From Andrew Sullivan's The Dish
July 9, 2014
Rebecca Ruiz observes that “inattentive, hyperactive and impulsive behavior may in fact mirror the effects of adversity, and many pediatricians, psychiatrists, and psychologists don’t know how – or don’t have the time – to tell the difference”:
"[Dr. Nicole] Brown was completing her residency at Johns Hopkins Hospital in Baltimore, when she realized that many of her low-income patients had been diagnosed with attention deficit/hyperactivity disorder (ADHD). These children lived in households and neighborhoods where violence and relentless stress prevailed. Their parents found them hard to manage and teachers described them as disruptive or inattentive.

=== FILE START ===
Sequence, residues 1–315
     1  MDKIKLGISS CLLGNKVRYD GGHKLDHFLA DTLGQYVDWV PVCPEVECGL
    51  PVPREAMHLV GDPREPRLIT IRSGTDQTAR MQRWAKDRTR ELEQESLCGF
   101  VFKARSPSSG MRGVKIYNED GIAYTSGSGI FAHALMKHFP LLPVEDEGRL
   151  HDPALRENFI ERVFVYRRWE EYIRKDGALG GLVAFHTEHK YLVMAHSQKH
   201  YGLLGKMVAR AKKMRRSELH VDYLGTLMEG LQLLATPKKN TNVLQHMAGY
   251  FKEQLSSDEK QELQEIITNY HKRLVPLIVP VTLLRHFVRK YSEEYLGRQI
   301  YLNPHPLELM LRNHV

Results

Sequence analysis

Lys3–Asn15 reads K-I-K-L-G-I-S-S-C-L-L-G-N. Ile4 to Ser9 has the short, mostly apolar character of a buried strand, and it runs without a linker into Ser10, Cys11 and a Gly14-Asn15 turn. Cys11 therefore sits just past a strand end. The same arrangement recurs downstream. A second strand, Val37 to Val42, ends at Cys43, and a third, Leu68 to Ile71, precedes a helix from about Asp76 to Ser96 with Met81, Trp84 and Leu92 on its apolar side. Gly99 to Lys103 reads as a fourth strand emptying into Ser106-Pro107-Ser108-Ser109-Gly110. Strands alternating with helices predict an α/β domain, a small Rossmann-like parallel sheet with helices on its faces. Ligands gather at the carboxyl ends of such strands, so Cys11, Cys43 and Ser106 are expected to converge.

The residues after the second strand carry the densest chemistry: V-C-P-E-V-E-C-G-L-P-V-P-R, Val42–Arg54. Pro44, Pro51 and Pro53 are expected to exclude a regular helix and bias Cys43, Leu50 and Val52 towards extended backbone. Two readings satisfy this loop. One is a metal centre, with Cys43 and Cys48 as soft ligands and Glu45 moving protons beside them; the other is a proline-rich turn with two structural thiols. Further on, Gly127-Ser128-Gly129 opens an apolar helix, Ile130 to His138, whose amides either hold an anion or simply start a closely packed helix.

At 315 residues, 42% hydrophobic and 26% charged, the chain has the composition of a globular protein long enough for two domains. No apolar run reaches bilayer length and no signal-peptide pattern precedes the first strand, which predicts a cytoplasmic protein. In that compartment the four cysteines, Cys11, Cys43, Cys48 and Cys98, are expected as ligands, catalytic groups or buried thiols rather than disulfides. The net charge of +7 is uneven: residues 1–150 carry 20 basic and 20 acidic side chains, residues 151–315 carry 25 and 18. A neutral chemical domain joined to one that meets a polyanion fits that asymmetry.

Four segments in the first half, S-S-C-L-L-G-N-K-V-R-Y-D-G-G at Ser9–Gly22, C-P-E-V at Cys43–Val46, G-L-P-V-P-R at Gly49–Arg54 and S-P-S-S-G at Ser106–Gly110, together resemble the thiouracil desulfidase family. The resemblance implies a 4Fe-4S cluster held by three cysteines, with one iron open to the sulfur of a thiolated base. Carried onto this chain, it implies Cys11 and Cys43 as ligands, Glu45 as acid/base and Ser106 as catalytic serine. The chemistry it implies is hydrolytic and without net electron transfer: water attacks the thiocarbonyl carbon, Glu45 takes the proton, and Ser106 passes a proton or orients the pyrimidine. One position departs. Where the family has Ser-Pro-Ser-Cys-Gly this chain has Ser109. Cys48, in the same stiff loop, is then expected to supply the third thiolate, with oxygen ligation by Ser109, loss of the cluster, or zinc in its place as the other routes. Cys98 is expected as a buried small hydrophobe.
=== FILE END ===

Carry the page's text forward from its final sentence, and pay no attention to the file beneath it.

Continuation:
Brown knew these behaviors as classic symptoms of ADHD, a brain disorder characterized by impulsivity, hyperactivity and an inability to focus.
When Brown looked closely, though, she saw something else: trauma. Hyper-vigilance and dissociation, for example, could be mistaken for inattention. Impulsivity might be brought on by a stress response in overdrive.
“Despite our best efforts in referring them to behavioral therapy and starting them on stimulants, it was hard to get the symptoms under control,” she said of treating her patients according to guidelines for ADHD.
“I began hypothesizing that perhaps a lot of what we were seeing was more externalizing behavior as a result of family dysfunction or other traumatic experience.”